Wells Fargo will pay $6.5 million to settle charges that it failed to disclose the risks of complex investments it sold to municipalities, non-profits and other customers, the Securities and Exchange Commission said Tuesday.
In 2007, the SEC said, Wells Fargo recommended that its institutional clients, typically interested in more conservative investments, buy into complex investments tied to high-risk mortgage-backed securities. Wells Fargo staff made these recommendations without understanding "the true nature, risks, and volatility behind these products," the SEC said.
Shawn McMurtry, a former Wells Fargo vice president who recommended and sold some of the products, will pay a $25,000 penalty and serve a six-month ban from the securities industry as part of the settlement.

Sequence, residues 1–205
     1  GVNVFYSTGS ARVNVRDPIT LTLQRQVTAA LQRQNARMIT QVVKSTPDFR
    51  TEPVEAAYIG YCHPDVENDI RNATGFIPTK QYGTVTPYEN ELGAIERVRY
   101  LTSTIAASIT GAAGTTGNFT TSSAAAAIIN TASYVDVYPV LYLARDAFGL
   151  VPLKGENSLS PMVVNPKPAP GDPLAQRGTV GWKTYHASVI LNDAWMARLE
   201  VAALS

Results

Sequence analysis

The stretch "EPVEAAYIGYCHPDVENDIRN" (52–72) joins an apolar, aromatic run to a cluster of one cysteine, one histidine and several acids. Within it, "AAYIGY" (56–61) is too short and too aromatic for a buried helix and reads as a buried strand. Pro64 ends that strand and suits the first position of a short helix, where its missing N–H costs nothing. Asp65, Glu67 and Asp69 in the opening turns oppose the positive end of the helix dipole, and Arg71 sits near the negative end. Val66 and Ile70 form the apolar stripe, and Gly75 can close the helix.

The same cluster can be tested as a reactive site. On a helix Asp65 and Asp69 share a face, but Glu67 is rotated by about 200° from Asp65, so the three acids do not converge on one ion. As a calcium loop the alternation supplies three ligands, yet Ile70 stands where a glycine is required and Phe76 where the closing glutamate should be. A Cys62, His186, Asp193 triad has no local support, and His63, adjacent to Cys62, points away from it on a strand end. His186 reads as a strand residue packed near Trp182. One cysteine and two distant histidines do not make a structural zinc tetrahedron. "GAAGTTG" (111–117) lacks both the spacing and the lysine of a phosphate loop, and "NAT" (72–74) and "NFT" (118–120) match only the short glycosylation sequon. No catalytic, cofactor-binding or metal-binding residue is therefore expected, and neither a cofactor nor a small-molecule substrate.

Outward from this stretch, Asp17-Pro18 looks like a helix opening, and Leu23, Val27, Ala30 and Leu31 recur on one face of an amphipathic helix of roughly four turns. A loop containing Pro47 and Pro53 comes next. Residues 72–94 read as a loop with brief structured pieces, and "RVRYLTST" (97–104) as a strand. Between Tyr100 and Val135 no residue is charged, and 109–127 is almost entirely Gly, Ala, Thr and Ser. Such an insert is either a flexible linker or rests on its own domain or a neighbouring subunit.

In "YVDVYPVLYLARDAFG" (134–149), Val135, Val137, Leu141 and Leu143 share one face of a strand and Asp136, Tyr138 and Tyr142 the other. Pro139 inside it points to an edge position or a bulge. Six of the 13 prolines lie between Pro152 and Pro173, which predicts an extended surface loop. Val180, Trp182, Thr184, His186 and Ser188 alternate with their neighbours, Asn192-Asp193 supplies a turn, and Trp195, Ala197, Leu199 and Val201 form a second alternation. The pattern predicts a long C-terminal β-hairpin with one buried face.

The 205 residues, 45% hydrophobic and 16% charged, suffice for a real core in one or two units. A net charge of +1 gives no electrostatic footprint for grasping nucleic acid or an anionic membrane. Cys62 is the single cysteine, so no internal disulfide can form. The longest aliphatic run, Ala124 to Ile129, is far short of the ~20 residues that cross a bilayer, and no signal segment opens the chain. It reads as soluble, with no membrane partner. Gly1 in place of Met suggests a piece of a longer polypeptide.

Of the 10 customers affected, two have realized losses totaling $4.2 million as a result of the investments, the SEC said. Two more have settled their claims with Wells Fargo, while the losses for the other six have yet to be determined.
Wells Fargo ( and McMurtry settled the case without admitting or denying wrongdoing. A bank spokesman said in an email that the incidents in question "occurred more than 5 years ago and pertain to a part of the firm that was completely revamped after )the merger with Wachovia."
" We are pleased to put this matter behind us," he added.
A lawyer for McMurtry could not immediately be reached for comment.
The penalties paid as part of the settlement will be routed to a fund overseen by an administrator contracted by Wells Fargo. This administrator will identify affected customers, evaluate their claims and distribute the money.
Last month, Wells Fargo agreed to pay $175 million to settle allegations from the Justice Department that it discriminated against minority borrowers.